The rise of Marvel’s domination over the box office doesn’t come as a particular surprise to me – we’ve always loved heroes. From Batman, to Indiana Jones, to Luke Skywalker, to Harry Potter, our history and literary canon is saturated with them.
But what is the enduring appeal of the heroic figure? Well, with a little bit of help from the ancient past, maybe anthropology can help answer that question.
The first heroes of the Western canon – Heracles, Odysseus, Achilles – they arguably aren’t so different from those that we know and love in fiction today.
That is, if you consider the ancient and mythic definition of the hero: exceptional humans who operate in a realm more closely connected with the divine than most mortals yet are still undeniably tethered to the human world (Posthumous, 2011).
They possess these god-like capacities and abilities, allowing them to achieve what we could only dream of, and yet they are ultimately always going to be hindered by their inherent humanity and all of the flaws and consequences that come alongside it. It’s not called an Achilles heel for nothing; but these characters are loveable because they’re so imperfect (Campbell 1988).
Operating within this arguably liminal space between the divine and mortals allows us to think beyond the limitations of mortality to ‘what if’ and ‘what could be’ with wide-eyed wonder, taking us out of the mundanity of our own lives and ascending to the realm of the gods. Yet these stories are still firmly rooted in questions of what it means to be human and flawed; to eternal struggles of good and evil, life and death, love and war. To me it is this interplay between the fantastical and the real that captures our attention and our love, and in the process better allows us to understand who we are.
Is this perspective ahistorical? Maybe, but why is so much tension devoted to which side, Light or Dark, people will fall in Star Wars? Why do superheroes always have flaws, whether they be physical (ie Kryptonite) or personal (ie Captain America: Civil War)? Why does Game of Thrones revolve around human politics instead of dragons?
More importantly however, what the hell does myth have to do with anthropology?
The meaning of hero myths is still widely debated. However, Joseph Campbell (1988) argues that “myths are the stories of our search through the ages for truth” (p.4). It is the experience of life, and the adventure of the hero that is the adventure of being alive (Campbell 1988).
In the way that myths can help us better understand who we are in our culturally-specific context, such is also the role of the anthropologist, and to me it’s foolish to assume that anthropology is restricted to the realm of the objective, ‘real’ world (Sarah touches upon this in her article on future worlds). As Geertz (1973, p.16) writes, ethnographic pieces “can properly be called fictions in the sense of ‘something made or fashioned’”; anthropological writings are themselves interpretations (See: Julia’s art vs science article).
“…Reality is not other than the stories told about it” (Rapport 1994, cited in Craith and Kockel 2014) and it is part of the human condition to create these stories – both anthropology and hero myths serve as a medium to do so. As such, they both suffer under the same flaw that their truths are inherently partial and incomplete, composed of blurred lines between reality and imagination. However, this is not “an opposition between truth and falsehood” (Craith and Kockel 2014, p.695), rather, it is a recognition of the human reality of both ethnographic work and hero myths and their aim to tell stories that “ring true” from a human perspective (Craith and Kockel 2014).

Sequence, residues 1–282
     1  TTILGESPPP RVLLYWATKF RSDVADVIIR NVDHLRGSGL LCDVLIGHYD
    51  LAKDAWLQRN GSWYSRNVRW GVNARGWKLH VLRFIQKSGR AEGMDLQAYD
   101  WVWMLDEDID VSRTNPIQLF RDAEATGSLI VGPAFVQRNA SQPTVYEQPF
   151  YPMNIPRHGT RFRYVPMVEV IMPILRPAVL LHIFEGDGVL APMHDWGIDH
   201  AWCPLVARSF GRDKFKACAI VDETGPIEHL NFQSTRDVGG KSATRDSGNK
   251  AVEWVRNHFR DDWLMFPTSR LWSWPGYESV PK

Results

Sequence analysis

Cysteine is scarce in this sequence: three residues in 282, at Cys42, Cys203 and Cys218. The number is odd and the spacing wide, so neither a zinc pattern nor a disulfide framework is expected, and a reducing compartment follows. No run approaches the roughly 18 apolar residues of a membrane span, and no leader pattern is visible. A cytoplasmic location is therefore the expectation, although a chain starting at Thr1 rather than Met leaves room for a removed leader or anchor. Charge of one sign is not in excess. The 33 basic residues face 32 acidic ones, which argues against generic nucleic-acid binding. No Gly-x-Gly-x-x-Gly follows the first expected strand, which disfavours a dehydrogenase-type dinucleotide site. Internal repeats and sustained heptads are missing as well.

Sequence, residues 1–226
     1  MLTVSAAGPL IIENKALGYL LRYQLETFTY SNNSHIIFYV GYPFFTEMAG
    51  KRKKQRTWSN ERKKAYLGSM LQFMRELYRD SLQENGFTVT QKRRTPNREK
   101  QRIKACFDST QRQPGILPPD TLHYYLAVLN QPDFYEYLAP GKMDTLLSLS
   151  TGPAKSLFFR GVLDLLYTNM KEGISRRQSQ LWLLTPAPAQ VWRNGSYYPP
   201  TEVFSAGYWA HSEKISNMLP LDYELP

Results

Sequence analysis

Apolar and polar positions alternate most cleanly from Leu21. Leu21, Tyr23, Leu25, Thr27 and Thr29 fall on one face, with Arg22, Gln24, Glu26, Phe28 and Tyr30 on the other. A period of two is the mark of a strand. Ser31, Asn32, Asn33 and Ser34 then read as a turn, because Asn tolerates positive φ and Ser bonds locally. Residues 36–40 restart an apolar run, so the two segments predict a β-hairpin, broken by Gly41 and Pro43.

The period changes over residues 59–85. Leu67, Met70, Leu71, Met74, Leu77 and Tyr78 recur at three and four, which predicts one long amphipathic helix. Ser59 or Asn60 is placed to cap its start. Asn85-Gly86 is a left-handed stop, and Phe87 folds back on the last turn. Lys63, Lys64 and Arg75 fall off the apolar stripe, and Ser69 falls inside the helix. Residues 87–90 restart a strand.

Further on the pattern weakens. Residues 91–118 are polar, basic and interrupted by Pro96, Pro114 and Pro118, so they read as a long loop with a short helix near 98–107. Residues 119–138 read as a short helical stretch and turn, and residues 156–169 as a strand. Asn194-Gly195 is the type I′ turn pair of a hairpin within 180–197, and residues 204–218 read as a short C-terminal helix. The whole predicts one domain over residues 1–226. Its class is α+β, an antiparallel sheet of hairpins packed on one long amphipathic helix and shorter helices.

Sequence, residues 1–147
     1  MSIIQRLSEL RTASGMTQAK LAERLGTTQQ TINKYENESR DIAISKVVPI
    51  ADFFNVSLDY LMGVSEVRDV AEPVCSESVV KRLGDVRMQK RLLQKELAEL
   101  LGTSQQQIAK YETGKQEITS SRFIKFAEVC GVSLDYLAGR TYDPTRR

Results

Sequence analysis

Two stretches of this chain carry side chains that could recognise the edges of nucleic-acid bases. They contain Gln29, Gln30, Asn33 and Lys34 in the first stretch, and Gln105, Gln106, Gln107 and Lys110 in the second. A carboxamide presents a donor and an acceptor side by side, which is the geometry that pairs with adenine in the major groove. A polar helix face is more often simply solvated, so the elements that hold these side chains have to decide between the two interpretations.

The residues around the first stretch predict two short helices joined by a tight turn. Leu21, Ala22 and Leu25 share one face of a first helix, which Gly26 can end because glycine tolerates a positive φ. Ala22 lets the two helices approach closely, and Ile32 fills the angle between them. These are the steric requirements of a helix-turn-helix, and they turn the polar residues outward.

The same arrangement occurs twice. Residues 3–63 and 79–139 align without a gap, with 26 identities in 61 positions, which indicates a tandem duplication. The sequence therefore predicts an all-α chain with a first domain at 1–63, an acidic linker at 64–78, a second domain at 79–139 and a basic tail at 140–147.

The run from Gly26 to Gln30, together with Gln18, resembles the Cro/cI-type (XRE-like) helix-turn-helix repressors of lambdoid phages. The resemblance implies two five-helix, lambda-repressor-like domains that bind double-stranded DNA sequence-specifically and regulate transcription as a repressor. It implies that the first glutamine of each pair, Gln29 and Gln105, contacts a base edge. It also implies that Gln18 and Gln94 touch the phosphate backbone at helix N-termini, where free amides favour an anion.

So why do we love superheroes? Well… I think because, like anthropology, the best stories, the best myths, the best superhero films, serve to tell of the human condition as they are inherently grounded in it; they just takes you out of the mundanity of your own life and into the magic of the liminal world, allowing you to believe otherwise.
Image Source: Wired
Campbell, J 1988, The Power of Myth, Doubleday, New York.
Craith, M. N., and Kockel, U. 2014. ‘BLURRING THE BOUNDARIES BETWEEN LITERATURE AND ANTHROPOLOGY. A BRITISH PERSPECTIVE’, Ethnologie francaise, vol. 44, pp. 689-697.
Crespi, M 1990, ‘The Hero’s Journey: The World of Joseph Campbell’. American Anthropologist, vol. 92 , no. 4. pp. 1104
Geertz, C 1973. “Thick Description: Toward an Interpretive Theory of Culture,” in The Interpretation of Cultures: Selected Essays, Basic Books, New York, pp. 3–30.
Posthumus, L. 2011, ‘Agents of transformation: the function of hybrid monsters’, Hybrid monsters in the Classical World: the nature and function of hybrid monsters in Greek mythology, MPhil (Ancient Studies) Thesis, University of Stellenbosch.
And for those who want a bit more myth in their life:
If you want to dive straight in to the original texts themselves, then consider: Homer’s The Iliad and The Odyssey; Euripides’ Medea, Hecuba and Trojan Women (my personal favourites); Aeschuylus’ Oresteia; Ovid’s Metamorphoses and Apuleius’ The Golden Ass (for the myth of Cupid and Psyche).
For a more fictionalised retelling: Madeleine Miller’s The Song of Achilles and Circe; and I know it’s middle grade, but The Percy Jackson series still has the best chaotic good demigod representation I’ve ever read (just don’t touch the films)